more than any other day may have influenced my wanting to seek a lab job. I think I may decide that I want to seek this as a profession.4 a semester of advanced laboratory work were compared for comfort level with. enrollment in the major has almost quadrupled.05). Students completing the upper level lab course showed higher levels of comfort with technology in general (p< . more understandable to me . We believe that the laboratory and the experiences now offered to our majors improved perceptions of program value and professionalism. Conclusions The efforts of the University of Northern Iowa’’s textiles and apparel program to improve the comfort and . The product development area. There is data that also suggests a positive impact upon perceptions of the value of majoring in textiles and apparel at the University of Northern Iowa. and with their understanding of lab results. Qualitative journal entries capture the importance of the link between understanding the meaning of the results and confidence level of the student.05) higher interest in pursuing a career in science when compared to the introductory students. is an ideal match for these students. working with analytical laboratory equipment (p< . there were qualitative results suggesting some students moved closer to pursuing a lab-based career. computers and software (p< .05). makes the class as a whole.”” The importance of hands-on lab experience on the process of confidence building is captured in this journal entry. Supporting this notion are recent placements which can be found in Table 3. which gave me negative experiences with a lab situation. students entering the curriculum rated their average interest in fashion a very high 4. Despite overall higher levels of comfort with science. . The sharpest increase in enrollment occurred shortly after the grant was awarded and the new laboratory was established. 2002). .05). and interest in science and technology. ““The fact that I feel confident in my work and that I now understand why and how these tests are done. This is likely due to the overwhelming interest in the fashion field. on a 5 point Lickert scale.81. Shown in Table 2 is a comparison of survey results between female students in our introductory textile and apparel industry course and students taking the upper level. During this time period. The more and more we do. and finally higher comfort deriving meaning from laboratory results (p< .”” Nevertheless. and is typically where our students are now being placed. laboratory-based course. requiring graduates with technical background and understanding of fashion trends. indicated by comments such as. in the past I didn’’t [have that understanding]. which draws students into the major. Shown in Figure 1 is a graph of student enrollment in the program from Spring semester 1999 to Spring semester 2003. Self-reporting a new desire for a career in science is apparently too far a stretch from the original motivation which caused them to declare a textile and apparel major in the first place. On the other hand. the advanced students did not self report a significantly (p< . For me personally it felt good to have [our teacher] expect me to show all my group members how to use the flammability tester and leave me to attend to any problems or adjustments with that machine”” (CR. For example. initial impressions of students that they are entering a field in which they will be working with ““fashion”” remained an overwhelming influence on student career choice. Our results indicate that our curriculum’’s evolution toward increasing lab experiences is having a significant impact on female student comfort level in the lab.05). thus contributing in part to rising enrollments. ““I would say that today. and a barrier to recruiting female students to science and technical careers not in some way linked to the concept of fashion. ““I think that doing the tests on your own is much more effective.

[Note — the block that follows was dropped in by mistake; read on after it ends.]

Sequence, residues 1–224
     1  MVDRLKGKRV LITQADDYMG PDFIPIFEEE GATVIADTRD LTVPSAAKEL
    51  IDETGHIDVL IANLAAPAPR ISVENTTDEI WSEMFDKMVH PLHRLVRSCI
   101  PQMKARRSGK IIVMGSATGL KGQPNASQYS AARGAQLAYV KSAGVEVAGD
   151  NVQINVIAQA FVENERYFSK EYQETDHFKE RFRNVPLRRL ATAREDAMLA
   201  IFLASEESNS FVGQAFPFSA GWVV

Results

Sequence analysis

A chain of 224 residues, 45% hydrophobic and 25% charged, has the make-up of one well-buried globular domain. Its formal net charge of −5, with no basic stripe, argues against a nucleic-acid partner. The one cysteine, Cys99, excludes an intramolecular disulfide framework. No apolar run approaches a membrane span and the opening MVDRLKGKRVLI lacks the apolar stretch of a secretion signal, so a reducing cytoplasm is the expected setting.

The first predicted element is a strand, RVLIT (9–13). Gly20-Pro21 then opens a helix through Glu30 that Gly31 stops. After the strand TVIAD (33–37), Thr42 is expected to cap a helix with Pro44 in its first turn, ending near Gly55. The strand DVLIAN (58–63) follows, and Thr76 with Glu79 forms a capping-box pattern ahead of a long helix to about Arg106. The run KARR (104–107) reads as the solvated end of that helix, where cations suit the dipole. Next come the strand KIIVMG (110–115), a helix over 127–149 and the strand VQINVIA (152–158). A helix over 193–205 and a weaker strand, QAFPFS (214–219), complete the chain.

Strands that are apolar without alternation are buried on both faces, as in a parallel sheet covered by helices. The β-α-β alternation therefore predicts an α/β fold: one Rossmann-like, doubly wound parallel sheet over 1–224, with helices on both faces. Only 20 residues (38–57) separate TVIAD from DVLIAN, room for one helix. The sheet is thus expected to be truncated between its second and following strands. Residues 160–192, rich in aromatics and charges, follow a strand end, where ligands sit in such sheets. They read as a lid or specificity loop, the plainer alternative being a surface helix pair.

they do not express an interest in transitioning to science careers. and playing active roles in a lab setting. it does indicate that many of them are more confident to pursue the many positions within product development that now require background in science as well as an ability to work with fashion trends and theories. Purposeful mentoring between experienced female students and their less experienced peers created a lab environment which moved women from passive to active roles in the experimentation process. and conclusions or recommendations expressed in this material are those of the author(s) and do not necessarily reflect the views of the National Science Foundation. have been successful in helping them understand the meaning of lab results in the real world of product development. On the other hand. Projects creating lab results that students use to evaluate the suitability of a textile for a specific end-use. While our research does not indicate high numbers of our students will become full-time scientists.5 confidence of its students in areas demanding high levels of science and technology appear to have born fruit. . __________ The material is based upon work supported by the National Science Foundation under Grant No. findings. Any opinions. Our research indicates that most students enter the textiles and apparel field because of interest in clothing and/or fashion. Hands-on exposure to state-of-the-art analytical testing equipment in our new materials evaluation laboratory have improved the students’’ comfort with high technology. 9952283. In summary. though the students report themselves as being more comfortable with science and technology. with little understanding that science and technology will be an important aspect to their education. it is not speculative to suggest that students entering into the textile and apparel industry will now be much less intimidated by technical and scientific responsibilities that they might encounter in the world-of-work.